Cabernet Sauvignon, Pinot Blanc, Italy

Cabernet Sauvignon is one of the most famous and widely planted red grape varieties in the world. It is immensely popular in Australia, where world-class wines are made in Coonawarra, Margaret River and the Yarra Valley. Each region has a distinctive character, but all tend to be more fruit-forward than those from France. Coonawarra has a distinct mint or Eucalypt aroma, Margaret River has a more tomato leaf character, while Yarra Valley is more elegant in style.

Its original home is Bordeaux, where it is the dominant grape on the left bank, Medoc and Graves. In Bordeaux, Cabernet Sauvignon tends to be blended with Merlot, Cabernet Franc and with small amounts of Malbec and Petit Verdot. In the New World, it is both blended and made as a straight varietal. Excellent wines are also produced in the Napa Valley and Chile's Maipo Valley. The grapes are thick-skinned providing the characteristic high tannins and deep colour. The Cabernet Sauvignon wines tend to show fragrant cassis, herbaceous, full-bodied with high acid.
Italy has some of the oldest wine production methods in the world and almost every part of the country is planted under vine. From the Alps in the north to the very southernmost parts of Sicily where Africa is almost in sight, wine is successfully cultivated. In addition to the latitude covered, Italy's many mountains and hills provide a plethora of altitudes for grape growing in various soils and micro-climates. The extensive coastlines along the peninsula that is Italy provide maritime climates for the coastal wine-growing areas. Over 350 grape varieties are 'authorised' in Italy, though up to 550 varieties are thought to be grown.

The classification system of Italian wines has four classes, with the intention of defining a wine's origin a quality. Two of these classes are table wines, whilst DOC and DOCG fall under the EU quality wine produced in a specific region category. Vino da Tavola (VDT) means that the wine comes from Italy. Most of these wines are generally basic table wines that are consumed domestically. Indicazione Geografica Tipica (IGT) denotes a more specific region within Italy, and the resultant will be of higher quality than simple table wines, but won't conform to the rules required for higher certification. Both Denominazione di Origine Controllata (DOC) and Denominazione di Origine Controllata e Garantita (DOCG) are regionally more specific than IGT, and have stricter rules regarding the grape varieties grown, yields per hectare, minimum alcohol levels and so on. The major difference between DOC and DOCG is that the latter has to undergo a blind-tasting session to ensure the highest quality is achieved. Italy has 32 DOCG appelations, 311 DOC appelations and 120 IGT zones.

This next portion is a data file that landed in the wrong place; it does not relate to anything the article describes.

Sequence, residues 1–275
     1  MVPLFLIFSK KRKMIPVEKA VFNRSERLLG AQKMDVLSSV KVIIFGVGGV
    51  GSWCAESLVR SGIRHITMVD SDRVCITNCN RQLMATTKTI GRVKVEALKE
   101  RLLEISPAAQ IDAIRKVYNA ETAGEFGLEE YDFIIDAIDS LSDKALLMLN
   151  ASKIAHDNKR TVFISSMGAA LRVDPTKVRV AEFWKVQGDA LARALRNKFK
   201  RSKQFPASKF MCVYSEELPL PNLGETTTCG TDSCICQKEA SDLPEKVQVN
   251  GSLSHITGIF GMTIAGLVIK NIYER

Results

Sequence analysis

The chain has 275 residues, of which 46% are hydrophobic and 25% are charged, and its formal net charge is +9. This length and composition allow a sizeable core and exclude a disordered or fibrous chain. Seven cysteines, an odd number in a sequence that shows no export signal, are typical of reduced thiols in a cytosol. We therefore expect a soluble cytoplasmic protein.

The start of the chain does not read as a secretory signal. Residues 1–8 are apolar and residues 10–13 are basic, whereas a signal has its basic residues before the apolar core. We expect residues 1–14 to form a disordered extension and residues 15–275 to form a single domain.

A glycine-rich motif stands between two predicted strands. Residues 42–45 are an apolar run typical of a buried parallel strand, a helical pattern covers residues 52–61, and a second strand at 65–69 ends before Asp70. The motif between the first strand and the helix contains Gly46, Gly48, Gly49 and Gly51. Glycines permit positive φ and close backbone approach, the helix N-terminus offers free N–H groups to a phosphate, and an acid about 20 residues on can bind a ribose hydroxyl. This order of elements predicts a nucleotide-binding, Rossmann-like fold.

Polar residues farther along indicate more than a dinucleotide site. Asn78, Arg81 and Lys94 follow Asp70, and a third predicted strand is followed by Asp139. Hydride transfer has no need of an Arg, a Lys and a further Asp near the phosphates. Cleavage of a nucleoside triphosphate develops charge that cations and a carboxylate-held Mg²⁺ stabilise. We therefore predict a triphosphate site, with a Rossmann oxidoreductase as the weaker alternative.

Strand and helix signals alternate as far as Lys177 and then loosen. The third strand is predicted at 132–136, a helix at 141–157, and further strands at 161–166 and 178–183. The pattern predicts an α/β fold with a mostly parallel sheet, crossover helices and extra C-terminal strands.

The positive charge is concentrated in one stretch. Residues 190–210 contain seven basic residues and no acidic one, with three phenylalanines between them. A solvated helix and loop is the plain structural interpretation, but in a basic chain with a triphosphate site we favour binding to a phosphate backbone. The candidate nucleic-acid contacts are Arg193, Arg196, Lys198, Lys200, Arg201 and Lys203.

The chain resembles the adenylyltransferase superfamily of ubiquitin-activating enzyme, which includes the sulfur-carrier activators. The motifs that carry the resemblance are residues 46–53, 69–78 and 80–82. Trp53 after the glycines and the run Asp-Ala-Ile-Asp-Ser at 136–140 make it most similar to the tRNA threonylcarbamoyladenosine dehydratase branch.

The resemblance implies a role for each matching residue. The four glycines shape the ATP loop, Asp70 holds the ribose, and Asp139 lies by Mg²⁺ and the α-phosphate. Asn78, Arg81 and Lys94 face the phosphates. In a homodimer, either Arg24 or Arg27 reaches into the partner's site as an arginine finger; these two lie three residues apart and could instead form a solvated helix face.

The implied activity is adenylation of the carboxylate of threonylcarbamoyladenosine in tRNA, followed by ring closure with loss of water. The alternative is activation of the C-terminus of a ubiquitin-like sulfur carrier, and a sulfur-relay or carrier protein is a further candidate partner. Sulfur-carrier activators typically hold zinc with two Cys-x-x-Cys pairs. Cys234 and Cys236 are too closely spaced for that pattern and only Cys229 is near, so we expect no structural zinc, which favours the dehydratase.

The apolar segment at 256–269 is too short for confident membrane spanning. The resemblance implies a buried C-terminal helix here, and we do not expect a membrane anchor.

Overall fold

Key regions include Piedmont, Tuscany, Abruzzo, Veneto, Sicily and Sardinia. Common white varieties grown are Pinot Grigio, Arneis, Vermentino, Verdicchio, Fiano and Moscato. The red varieties grown the most are Sangiovese, Barbera, Dolcetto, Nebbiolo, Montepulciano, Primitivo, Nero d'Avola and Corvina.
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  1. GIRLAN ALTO ADIGE PLATTENRIEGL PINOT BIANCO 2016
    A single-site Pinot Bianco, this comes from the Plattenriegl vineyard that sits at an elevation of 550 metres above sea level, in the gravelly, mineral-rich soils of the Appiano Monte. The area is considered to be one of the premier terroirs ... Learn More
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